Work is work and play is play, or so our parents taught us. However, does that still hold true in an economy where creativity is the primary competitive driver? Combining over 12 years of experience in game design with current research in motivation, the presenter shares ways to improve your productivity, innovation, and fulfillment by turning your work into play.
Jeff Johannigman, Coordinator, Faculty Development, Austin Community College
Takes place on May 29, 2018, 9:15 AM, Roundtable Discussion Area #1 | Table 2, 6th Floor
Though the phrase is used in a wide variety of contexts, there are two distinct types of authenticity. On one hand, it refers to realism; on the other hand, authenticity has another, more philosophical, use. The latter refers to an existential question. After introducing the two concepts of authenticity, participants engage in a think pair-share activity to generate best practices for authentic assessment.
Yoni Porat, Instructor, Academic Services, Southern Alberta Institute of Technology
Takes place on May 29, 2018, 8:00 AM, Roundtable Discussion Area #2 | Table 3, 6th Floor
During this presentation, participants help design an app using Microsoft Office 365’s PowerApps environment. Participants work together to decide an aesthetic approach to manipulating one of the included templates in order to offer online learning materials to students. Along the way they’ll learn efficient methods for creating apps without programming.
John Rice, Instructional Technologist, Academic Technology, Blinn College
Takes place on May 28, 2018, 11:00 AM, Roundtable Discussion Area #3 | Table 1, 6th Floor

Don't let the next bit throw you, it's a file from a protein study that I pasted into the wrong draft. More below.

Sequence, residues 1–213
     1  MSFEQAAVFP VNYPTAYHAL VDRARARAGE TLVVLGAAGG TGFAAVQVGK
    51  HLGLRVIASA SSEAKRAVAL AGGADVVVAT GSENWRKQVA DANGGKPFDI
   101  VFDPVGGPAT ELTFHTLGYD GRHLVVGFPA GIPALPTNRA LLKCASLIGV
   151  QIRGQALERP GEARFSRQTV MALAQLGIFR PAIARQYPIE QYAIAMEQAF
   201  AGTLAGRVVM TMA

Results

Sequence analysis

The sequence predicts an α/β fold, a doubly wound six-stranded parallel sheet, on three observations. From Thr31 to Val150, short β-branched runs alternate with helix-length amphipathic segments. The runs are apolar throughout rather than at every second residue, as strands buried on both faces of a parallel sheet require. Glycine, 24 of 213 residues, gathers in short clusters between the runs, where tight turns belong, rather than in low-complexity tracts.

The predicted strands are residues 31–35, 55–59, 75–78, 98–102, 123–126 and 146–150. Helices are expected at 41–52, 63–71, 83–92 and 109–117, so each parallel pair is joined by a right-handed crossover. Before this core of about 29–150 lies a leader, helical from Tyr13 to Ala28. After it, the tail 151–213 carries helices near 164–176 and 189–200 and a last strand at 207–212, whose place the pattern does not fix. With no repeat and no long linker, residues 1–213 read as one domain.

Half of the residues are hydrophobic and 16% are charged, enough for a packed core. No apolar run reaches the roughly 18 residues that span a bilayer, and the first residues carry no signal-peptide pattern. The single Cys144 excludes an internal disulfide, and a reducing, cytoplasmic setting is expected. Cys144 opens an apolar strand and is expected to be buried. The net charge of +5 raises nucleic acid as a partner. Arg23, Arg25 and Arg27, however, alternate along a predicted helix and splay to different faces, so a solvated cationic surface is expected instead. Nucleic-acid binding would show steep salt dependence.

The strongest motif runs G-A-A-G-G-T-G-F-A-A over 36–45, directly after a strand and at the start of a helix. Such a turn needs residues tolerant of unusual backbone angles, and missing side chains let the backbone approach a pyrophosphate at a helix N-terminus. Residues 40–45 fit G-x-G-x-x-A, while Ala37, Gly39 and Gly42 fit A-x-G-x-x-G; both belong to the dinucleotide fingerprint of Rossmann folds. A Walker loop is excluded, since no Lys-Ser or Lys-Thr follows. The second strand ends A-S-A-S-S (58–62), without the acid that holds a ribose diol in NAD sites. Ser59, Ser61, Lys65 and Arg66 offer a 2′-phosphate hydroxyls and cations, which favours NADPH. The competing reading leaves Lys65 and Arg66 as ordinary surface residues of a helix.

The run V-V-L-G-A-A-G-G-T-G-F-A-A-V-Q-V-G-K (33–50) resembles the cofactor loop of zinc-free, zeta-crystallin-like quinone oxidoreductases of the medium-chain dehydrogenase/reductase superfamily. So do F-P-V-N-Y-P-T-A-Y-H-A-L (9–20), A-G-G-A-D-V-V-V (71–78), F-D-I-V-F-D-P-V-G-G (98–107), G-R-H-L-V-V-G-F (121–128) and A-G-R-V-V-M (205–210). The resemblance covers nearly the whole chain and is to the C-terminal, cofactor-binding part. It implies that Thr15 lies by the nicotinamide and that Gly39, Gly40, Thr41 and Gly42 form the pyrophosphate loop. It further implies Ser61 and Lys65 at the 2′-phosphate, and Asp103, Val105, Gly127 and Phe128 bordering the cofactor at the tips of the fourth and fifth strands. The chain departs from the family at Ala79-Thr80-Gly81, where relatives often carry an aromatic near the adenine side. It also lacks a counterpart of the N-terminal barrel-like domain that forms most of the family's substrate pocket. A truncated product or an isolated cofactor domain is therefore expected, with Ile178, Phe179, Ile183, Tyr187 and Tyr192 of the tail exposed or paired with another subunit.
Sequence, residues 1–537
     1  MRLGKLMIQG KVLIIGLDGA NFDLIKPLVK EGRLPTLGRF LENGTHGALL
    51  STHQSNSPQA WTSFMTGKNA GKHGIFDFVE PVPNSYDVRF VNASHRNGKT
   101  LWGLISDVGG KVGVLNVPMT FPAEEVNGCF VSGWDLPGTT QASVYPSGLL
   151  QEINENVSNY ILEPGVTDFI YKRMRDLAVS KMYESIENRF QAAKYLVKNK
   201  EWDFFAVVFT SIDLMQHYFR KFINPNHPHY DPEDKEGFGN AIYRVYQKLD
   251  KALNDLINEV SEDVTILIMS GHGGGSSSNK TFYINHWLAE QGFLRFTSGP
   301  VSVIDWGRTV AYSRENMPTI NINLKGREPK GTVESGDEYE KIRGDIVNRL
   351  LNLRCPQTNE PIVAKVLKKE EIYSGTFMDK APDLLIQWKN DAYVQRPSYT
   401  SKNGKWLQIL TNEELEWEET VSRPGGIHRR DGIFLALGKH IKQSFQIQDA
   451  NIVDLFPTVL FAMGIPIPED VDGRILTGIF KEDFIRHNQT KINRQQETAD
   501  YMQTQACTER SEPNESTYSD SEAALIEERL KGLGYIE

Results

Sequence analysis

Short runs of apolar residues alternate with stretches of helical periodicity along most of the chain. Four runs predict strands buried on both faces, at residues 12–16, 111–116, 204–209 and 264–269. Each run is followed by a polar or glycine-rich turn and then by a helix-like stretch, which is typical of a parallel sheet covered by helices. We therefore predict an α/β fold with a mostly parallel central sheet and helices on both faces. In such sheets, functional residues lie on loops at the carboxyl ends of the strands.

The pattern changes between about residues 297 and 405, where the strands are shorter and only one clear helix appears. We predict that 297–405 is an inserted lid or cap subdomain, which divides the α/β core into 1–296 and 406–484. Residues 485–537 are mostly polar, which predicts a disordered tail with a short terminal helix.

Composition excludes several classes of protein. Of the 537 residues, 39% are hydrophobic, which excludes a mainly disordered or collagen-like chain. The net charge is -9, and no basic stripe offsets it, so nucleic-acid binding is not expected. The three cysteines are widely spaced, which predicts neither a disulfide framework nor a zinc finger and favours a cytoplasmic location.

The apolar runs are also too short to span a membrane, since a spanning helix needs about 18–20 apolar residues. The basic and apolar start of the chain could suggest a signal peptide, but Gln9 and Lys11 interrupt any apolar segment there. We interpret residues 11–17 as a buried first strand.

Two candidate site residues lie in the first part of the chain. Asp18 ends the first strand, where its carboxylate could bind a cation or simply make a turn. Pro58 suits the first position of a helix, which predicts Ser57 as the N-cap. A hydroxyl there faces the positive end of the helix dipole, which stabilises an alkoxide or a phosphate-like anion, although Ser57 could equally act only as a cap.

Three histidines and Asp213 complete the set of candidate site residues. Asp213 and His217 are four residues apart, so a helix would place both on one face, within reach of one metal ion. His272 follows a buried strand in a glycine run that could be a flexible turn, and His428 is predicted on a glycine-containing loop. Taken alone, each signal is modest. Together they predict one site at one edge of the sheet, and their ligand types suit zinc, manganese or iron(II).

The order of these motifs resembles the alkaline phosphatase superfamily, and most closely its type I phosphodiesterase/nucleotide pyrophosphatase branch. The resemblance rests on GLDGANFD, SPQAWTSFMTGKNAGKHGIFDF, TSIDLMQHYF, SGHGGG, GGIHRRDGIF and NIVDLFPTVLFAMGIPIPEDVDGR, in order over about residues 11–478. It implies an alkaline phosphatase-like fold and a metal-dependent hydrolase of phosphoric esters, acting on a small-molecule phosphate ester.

The VOWEL project was a collaboration between math and ESL instructors when it was determined that English was one barrier causing students to be unsuccessful in college-level mathematics. During this session, participants receive copies of the materials provided to VOWEL Project students, experience the materials, and discuss the project.
Jonathan Oaks, Professor, Mathematics, Macomb Community College
Takes place on May 28, 2018, 2:45 PM, Roundtable Discussion Area #1 | Table 3, 6th Floor
Today’s emphasis is on student success. However, have you ever asked, “How do I achieve student success by covering the course material?” Have you noticed how your students struggle with test-taking strategies? Do your students lack study skills and generally have apathetic attitudes? Let's put our heads together and see what strategies we can easily implement to cover the course material and help our students be successful!
Lupita Narkevicius, Student Services Assistant/Adjunct Instructor, PACE Program, Pierce College
Takes place on May 28, 2018, 2:45 PM, Roundtable Discussion Area #2 | Table 1, 6th Floor
Come engage in an S.W.O.T. analysis of why teachers quit. Are we part of the problem or part of the solution? Bring an open mind and an open heart as we try to help minorities become successful teachers and have a rewarding career for themselves and their students.
Edward Lamb, Dean, Business, Technology, and Education, University of Arkansas Hope-Texarkana; Brian Pruegger, Program Director, Business, University of Charleston
Takes place on May 28, 2018, 2:45 PM, Roundtable Discussion Area #1 | Table 1, 6th Floor
There's a huge disconnect between writing instruction that happens in classrooms and the type of clear, succinct writing skills that employers look for in potential candidates. Gain a greater understanding of that disconnect and, using your existing curriculum, learn strategies to transform your writing instruction to ensure greater student success in the job market.
Lisa Luton, Teacher and Independent Consultant, Stewart County Board of Education
Takes place on May 29, 2018, 10:30 AM, Roundtable Discussion Area #2 | Table 2, 6th Floor